How to stop dental work being a pain in the wallet

There is a variety of ways to make a visit to the dentist hurt less financially, says Rob Griffin

Visiting the dentist may bring relief from the agony of toothache - but the real pain may only be felt when it's time to settle the bill.

Research published by consumer group Which? this week shows a shortage of dentists and the limited number of treatments available on the National Health Service has left many patients with little choice but to pay for private care. And unlike in the NHS, where there are standard prices for different procedures, fees charged by private dentists will vary enormously.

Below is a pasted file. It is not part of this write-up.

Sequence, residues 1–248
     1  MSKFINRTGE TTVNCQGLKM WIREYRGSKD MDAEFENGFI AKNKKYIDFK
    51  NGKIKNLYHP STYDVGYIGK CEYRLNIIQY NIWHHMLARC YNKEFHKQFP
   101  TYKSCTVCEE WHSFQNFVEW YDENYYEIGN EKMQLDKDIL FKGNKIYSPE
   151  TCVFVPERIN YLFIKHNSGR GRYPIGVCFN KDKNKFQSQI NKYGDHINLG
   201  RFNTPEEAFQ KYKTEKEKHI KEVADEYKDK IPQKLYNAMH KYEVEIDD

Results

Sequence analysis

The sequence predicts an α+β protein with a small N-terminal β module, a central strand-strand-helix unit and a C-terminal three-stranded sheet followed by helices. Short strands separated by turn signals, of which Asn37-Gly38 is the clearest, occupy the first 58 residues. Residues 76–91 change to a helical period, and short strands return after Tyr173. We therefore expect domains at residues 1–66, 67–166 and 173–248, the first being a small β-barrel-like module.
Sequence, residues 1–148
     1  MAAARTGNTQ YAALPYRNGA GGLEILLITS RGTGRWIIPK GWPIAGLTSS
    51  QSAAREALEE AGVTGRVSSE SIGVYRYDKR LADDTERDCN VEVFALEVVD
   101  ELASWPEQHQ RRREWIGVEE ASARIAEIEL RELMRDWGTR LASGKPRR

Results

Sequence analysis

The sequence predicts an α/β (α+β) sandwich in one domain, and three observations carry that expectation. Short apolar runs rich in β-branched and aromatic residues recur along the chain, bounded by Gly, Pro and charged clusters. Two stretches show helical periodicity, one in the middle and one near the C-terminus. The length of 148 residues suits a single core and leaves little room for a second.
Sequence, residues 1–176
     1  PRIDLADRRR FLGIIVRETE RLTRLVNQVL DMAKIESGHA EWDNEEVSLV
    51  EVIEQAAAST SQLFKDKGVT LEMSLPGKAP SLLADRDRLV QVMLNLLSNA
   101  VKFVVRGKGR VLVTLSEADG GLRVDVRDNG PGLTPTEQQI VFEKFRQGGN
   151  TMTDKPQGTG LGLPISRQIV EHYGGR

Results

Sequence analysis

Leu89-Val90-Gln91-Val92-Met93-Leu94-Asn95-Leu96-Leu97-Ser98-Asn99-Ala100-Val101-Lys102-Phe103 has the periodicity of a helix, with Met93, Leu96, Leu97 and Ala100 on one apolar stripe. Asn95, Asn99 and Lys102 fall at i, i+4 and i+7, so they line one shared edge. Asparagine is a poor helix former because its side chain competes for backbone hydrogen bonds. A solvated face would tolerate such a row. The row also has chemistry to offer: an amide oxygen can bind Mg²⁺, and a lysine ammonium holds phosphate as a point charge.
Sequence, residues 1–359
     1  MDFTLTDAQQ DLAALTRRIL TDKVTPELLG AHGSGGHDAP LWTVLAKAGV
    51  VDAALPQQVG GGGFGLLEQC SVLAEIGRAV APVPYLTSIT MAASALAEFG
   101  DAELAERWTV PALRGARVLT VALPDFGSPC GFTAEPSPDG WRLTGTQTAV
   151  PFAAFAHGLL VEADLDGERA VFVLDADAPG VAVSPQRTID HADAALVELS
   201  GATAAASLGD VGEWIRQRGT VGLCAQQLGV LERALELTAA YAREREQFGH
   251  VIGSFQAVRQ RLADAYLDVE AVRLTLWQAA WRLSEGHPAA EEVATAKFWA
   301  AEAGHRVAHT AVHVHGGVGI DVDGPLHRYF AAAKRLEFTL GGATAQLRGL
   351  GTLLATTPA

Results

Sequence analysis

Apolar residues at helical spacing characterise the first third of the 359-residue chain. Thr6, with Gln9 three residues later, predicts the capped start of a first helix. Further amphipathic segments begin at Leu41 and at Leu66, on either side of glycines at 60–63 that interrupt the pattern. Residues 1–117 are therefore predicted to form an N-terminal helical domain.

For example, a basic examination that would be just £6 could end up costing £45, according to the British Dental Health Foundation. Similarly, the price of small fillings can rocket over 700 per cent from £6 to £50.

It's no wonder that the private dental industry is big business. Every year we spend about £1.9bn on treatments, and industry observers expect this figure to increase substantially over the coming years.

Fortunately, there are ways to ease the financial discomfort. A bit of careful planning - before you need emergency treatment - can end up saving you a fortune in costly bills once you've left the dentist's chair.

PAY AS YOU GO